Plans revealed for world’s longest digital art gallery
Scott Brownrigg repurpose Welsh railway tunnel for new cultural space
Tenderstream member Scott Brownrigg, together with tourism consultant Steven & Associates, have revealed concept plans to repurpose the longest rail tunnel in Wales into the longest digital art gallery and performance space in the world. The designers sought to celebrate the heritage and culture of the South Welsh valleys, while transforming the abandoned 130-year-old Rhondda Tunnel into a unique visitor destination that will help place Wales on the map for global tourism.
Originally conceived as a footpath and cycling route, the scheme radically reinvents Rhondda Tunnel as a route, place, and destination, reconnecting communities at either end, with a new hotel at the eastern entrance of the tunnel. An exoskeleton of digitally constructed timber ribs changes across the length of the building, alluding to the movement of a train as it disappears into the tunnel. The western entrance will be transformed into a visitor centre with art galleries, cafe, external performance space and a digital theatre.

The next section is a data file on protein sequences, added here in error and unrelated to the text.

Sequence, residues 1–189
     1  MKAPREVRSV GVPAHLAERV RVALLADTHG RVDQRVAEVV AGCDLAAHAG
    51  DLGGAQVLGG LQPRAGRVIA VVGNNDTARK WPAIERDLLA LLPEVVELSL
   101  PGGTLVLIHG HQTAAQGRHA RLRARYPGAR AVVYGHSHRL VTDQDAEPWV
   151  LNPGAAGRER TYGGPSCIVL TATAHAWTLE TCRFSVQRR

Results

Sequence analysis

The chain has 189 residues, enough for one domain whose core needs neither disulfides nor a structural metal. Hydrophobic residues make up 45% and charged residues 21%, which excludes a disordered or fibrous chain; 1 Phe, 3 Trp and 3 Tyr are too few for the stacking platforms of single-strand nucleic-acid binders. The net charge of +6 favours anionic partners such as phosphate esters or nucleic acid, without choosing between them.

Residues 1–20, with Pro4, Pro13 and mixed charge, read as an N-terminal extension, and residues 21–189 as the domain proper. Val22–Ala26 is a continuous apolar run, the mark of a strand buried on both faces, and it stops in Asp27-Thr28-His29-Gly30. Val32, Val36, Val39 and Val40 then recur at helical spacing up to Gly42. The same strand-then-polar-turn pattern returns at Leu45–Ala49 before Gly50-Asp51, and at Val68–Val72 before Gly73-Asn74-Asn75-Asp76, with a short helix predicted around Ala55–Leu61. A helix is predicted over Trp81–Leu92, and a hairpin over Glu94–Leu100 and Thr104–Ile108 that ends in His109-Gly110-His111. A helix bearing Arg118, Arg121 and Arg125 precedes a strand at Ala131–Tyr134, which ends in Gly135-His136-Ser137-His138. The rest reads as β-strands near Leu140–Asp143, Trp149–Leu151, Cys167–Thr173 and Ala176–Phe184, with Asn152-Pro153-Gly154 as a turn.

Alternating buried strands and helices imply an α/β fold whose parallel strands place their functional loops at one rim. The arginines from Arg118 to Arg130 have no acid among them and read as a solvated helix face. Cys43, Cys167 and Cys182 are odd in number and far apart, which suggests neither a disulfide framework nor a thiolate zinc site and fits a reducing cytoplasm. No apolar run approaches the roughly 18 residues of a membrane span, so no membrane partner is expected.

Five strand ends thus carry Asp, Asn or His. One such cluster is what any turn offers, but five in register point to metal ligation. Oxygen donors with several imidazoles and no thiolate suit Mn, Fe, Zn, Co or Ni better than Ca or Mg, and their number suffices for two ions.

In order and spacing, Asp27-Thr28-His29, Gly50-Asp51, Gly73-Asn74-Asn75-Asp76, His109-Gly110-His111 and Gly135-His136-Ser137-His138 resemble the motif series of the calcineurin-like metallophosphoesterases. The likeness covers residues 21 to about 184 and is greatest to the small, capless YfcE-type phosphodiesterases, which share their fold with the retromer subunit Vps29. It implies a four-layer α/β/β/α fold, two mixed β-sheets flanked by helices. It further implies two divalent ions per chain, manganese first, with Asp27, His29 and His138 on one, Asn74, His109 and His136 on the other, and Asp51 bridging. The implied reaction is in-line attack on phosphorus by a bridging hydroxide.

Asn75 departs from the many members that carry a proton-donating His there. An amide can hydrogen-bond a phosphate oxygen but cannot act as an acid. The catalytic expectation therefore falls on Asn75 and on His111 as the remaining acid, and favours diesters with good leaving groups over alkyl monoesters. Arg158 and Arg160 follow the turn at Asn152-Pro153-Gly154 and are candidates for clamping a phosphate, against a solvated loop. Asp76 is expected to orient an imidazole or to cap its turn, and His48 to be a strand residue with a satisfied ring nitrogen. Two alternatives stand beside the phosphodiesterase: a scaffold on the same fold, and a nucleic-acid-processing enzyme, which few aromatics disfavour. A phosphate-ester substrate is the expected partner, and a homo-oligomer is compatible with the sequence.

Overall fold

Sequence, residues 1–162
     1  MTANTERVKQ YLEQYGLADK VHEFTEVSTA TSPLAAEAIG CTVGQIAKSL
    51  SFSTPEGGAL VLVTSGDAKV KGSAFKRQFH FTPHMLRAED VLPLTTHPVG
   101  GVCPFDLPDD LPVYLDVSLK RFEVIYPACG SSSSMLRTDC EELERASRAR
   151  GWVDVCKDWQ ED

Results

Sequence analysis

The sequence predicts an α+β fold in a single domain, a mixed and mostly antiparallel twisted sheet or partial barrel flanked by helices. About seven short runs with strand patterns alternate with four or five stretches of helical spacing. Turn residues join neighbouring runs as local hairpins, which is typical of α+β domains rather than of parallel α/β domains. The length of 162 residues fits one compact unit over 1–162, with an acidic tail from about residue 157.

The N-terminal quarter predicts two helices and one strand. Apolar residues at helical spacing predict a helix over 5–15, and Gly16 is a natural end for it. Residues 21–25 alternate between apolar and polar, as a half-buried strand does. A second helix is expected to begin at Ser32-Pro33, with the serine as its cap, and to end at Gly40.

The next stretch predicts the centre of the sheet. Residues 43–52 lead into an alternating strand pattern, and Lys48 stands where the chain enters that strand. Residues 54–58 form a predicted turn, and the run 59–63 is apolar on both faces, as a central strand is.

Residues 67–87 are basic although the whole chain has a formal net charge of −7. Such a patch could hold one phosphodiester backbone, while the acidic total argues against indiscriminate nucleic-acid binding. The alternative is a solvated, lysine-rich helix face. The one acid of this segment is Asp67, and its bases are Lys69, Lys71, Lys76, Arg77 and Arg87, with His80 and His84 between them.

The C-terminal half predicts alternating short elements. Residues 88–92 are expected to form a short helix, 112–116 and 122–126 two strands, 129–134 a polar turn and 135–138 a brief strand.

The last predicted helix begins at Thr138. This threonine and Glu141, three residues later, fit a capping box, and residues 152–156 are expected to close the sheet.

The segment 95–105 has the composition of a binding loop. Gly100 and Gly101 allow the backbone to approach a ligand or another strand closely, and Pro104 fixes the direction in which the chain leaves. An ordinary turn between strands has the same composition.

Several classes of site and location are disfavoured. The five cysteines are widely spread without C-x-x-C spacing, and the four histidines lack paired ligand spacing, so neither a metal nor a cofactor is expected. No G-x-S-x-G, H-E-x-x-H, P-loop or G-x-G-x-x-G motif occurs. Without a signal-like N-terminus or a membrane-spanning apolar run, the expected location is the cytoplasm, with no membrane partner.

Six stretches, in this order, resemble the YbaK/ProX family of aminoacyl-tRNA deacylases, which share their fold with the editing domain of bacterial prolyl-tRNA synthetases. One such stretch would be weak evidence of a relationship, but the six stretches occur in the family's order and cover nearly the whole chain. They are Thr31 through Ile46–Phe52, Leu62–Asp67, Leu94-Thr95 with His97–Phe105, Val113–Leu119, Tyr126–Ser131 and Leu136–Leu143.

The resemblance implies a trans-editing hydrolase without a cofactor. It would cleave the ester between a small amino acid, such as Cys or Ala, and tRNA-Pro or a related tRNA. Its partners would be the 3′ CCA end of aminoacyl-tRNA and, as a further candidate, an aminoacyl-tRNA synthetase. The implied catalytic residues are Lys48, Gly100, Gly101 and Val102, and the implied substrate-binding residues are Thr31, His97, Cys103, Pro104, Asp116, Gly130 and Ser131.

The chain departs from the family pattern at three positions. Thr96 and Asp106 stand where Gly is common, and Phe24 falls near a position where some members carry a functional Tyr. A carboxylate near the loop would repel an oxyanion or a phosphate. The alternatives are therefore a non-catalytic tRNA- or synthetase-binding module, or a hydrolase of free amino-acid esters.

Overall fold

Referencing local rail heritage, the galleries are conceived as a lump of coal with scorched black timber cladding elevated above the steep slopes of the tunnel entrance on slender stilts. Following structural repair and restoration, the tunnel will open to the public as a pedestrian and cycle route, digital art gallery and performance space, with a viewing tower above. Working alongside digital art consultancy Lumen Art Projects, installations will spark the imagination and tell tales of the tunnels past. The scheme will be designed to achieve BREEAM Excellent or equivalent, with opportunities explored for use of geothermal energy sources.
Scott Brownrigg state: “A unique combination of landscape, wellness and ecology: the scheme will capture the imagination of locals, tourists and investors alike, boost the economy, stimulate regeneration, and enhance national pride.”
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